It’s a sad, sad situation when I can find more subversion in IFL Science than in speculative fiction.  Or maybe it’s not.  Maybe I need to subvert my assumptions about speculative fiction.  After all, has it ever done more than follow where science leads?

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Interview at J. Patrick Allen’s blog

cover of the dragon lord's libraryBecause of my story in the From The Dragon Lord’s Library Vol. 2 anthology, I was interviewed by J. Patrick Allen.  Find out what I want on my tombstone (and a bunch of less morbid stuff about me) at his blog,

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Stuff That Enrages Me, and Why I Read It


Pearl oyster (Pinctada fucata martensii) in Suma Aqualife Park. Used under a creative commons license.

Pearl oyster (Pinctada fucata martensii) in Suma Aqualife Park. Used under a creative commons license.

The story is that one of my favorite Victorian writers, Charlotte Yonge, used to submit all her manuscripts to her father before she sent them to publishers. He would then ruthlessly excise anything which was improper, making sure that the final product contained nothing that would bring the blush of shame to the cheek of modesty — that is, that it accurately reflected all his opinions.

I’m reminded of this every time I get another article in my feedly telling me how to make my fiction feminist enough — basically, how I can make it accurately reflect the writer’s opinions.  Now, why would I want to make my fiction reflect anybody’s opinions except my own?  Where do all these people come from, who think that fiction writers should care about reflecting their opinions?  Charlotte Yonge’s father was at least giving her room and board and free Latin lessons.

You’d think I would just purge my feedly of these earnest sheeple who don’t realize that the world does not need post 10,001 about how to write politically correct ideological fiction and that writers don’t as a group, really want to serve as unpaid propagandists.  But I don’t, and this is why.

Every time I read one of these earnest screeds by someone who has apparently never had an original thought, I get enraged. I wonder how I could rebel against these impertinent echo-chamber jackasses and self-appointed guardians of fictional virtue, and vow to let the non-feminist characters in my books have freer rein.  I write much of Linus Ukadnian’s and Teddy Whin’s dialogue when in this state of mind.  Linus openly scorns feminism as special-pleading, and Teddy began as a parody of it.  Yet … Linus and Teddy evolved into some of my better characters, people I sympathize with and who have skills I admire.  I ended up giving Linus the house of my dreams and Teddy one of the only happy-ending romances in the whole series.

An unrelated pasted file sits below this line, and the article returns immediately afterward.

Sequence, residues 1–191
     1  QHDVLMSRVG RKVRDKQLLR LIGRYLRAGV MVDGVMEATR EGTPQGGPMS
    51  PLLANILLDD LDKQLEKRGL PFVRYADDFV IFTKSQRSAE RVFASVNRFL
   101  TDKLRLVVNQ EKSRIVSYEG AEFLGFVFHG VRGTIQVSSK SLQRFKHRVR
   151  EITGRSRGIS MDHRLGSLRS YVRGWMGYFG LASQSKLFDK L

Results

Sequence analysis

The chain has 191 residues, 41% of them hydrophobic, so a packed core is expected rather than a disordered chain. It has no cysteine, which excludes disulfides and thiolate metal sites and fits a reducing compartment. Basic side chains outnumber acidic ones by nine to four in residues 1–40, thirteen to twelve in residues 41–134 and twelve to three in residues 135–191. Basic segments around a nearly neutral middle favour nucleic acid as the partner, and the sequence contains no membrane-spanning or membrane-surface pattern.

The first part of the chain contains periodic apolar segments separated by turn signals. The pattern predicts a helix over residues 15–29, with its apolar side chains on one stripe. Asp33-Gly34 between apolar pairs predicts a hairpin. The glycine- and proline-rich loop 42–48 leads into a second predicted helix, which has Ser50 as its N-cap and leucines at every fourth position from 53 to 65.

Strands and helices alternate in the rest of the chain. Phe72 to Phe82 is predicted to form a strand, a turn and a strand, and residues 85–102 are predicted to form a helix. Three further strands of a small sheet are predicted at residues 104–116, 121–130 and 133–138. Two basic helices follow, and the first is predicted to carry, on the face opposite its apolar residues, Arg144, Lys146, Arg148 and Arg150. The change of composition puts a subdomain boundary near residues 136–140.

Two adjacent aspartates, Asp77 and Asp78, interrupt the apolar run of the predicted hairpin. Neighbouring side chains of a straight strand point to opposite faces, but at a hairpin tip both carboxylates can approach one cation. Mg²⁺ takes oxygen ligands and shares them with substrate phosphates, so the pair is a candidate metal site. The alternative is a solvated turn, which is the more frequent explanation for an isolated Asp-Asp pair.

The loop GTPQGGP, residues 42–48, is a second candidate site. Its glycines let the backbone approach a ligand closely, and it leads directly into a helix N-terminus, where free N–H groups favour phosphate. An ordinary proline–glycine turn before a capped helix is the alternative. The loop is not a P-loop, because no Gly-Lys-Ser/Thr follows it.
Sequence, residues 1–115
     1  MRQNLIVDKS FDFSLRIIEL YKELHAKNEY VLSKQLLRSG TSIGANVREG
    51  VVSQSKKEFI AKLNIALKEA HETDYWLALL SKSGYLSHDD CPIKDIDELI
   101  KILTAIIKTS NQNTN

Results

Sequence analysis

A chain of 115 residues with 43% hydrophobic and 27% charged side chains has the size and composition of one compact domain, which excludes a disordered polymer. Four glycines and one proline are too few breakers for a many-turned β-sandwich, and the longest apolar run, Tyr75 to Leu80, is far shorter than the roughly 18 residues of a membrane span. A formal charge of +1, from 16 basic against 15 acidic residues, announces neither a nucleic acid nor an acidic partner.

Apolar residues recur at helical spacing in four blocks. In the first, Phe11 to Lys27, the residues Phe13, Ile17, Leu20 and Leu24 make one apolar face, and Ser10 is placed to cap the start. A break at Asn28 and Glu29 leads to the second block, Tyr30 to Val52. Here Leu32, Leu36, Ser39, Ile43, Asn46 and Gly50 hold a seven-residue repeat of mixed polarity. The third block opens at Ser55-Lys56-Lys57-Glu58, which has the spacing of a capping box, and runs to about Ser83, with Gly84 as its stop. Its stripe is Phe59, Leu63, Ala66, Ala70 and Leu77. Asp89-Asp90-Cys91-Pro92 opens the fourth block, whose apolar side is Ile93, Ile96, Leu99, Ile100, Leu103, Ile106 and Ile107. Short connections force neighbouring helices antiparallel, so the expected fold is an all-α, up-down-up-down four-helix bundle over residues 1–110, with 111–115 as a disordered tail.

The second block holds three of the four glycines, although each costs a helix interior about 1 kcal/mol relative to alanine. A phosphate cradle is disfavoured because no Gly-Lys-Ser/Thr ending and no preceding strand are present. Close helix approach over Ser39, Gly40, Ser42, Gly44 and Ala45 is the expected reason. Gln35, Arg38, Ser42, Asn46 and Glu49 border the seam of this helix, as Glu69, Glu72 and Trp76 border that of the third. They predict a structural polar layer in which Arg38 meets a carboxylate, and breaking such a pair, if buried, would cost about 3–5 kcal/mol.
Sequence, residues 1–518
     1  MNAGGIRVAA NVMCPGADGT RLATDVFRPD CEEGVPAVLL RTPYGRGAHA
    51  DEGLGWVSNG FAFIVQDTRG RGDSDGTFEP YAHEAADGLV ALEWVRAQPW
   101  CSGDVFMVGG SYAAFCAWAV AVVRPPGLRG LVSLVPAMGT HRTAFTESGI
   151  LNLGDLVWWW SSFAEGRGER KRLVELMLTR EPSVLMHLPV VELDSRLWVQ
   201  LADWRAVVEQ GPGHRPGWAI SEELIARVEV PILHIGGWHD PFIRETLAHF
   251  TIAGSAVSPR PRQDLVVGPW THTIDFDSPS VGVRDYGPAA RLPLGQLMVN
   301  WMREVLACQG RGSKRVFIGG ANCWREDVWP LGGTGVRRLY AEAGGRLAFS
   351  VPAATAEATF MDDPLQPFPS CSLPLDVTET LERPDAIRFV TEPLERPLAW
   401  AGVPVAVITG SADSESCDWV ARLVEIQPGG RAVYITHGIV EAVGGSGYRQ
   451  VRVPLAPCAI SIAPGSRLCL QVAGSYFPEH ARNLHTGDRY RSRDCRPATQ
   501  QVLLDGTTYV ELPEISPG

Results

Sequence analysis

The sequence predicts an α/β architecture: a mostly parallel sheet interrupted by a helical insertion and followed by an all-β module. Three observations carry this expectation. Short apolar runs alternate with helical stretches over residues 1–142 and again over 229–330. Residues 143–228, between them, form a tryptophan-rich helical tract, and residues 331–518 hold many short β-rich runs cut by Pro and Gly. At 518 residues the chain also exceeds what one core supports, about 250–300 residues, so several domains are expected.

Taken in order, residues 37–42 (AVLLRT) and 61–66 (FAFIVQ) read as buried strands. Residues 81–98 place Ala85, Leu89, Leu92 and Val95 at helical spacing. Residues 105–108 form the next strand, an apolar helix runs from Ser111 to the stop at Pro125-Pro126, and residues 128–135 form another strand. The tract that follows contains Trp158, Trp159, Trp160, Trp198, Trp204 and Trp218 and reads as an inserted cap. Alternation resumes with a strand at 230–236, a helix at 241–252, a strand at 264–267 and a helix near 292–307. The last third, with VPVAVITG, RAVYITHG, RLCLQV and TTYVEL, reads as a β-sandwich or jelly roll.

The fact is I need to read things that infuriate me, because I develop characters from a place of irritation.  When I am really pissed off at some entitled online virtue-signaller, call-out artist, or identity policeman, that’s when I will send my characters off to do interesting things.  Left to my own placid life, they would read and garden; but when I’m boiling mad, they fight with dragons.  They consider becoming avatars of the Blood God, or diss banshees, or burn everything they own and wade right into big oozy demons, or insult a bar full of vampires.  Then I have to back-calculate from this and figure out what’s really going on with the characters and why they would ever do such things.  Then I have a story.

I’m writing a character right now who initially communicated only in aggressive social justice tweets.  (#racistmuch? #chkyrpriv)  When I asked why a character would do something like that, though, she developed a backstory and a problem and now is the center of the whole book.  She no longer communicates solely in hashtags.  Instead, she punches out total strangers in bars and accuses innocent students of sexual harassment.  She’s actually a lot of fun.

I think I’ll give her kittens.


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Why does Higher Ed = Humanities?

Another day, another article about the parlous state of Universities and the lack of respect afforded to faculty, the ‘Disneyfication’ of the curriculum, grade inflation, the embattled professoriate and students’ inability to handle difficult topics without puppies and balloons.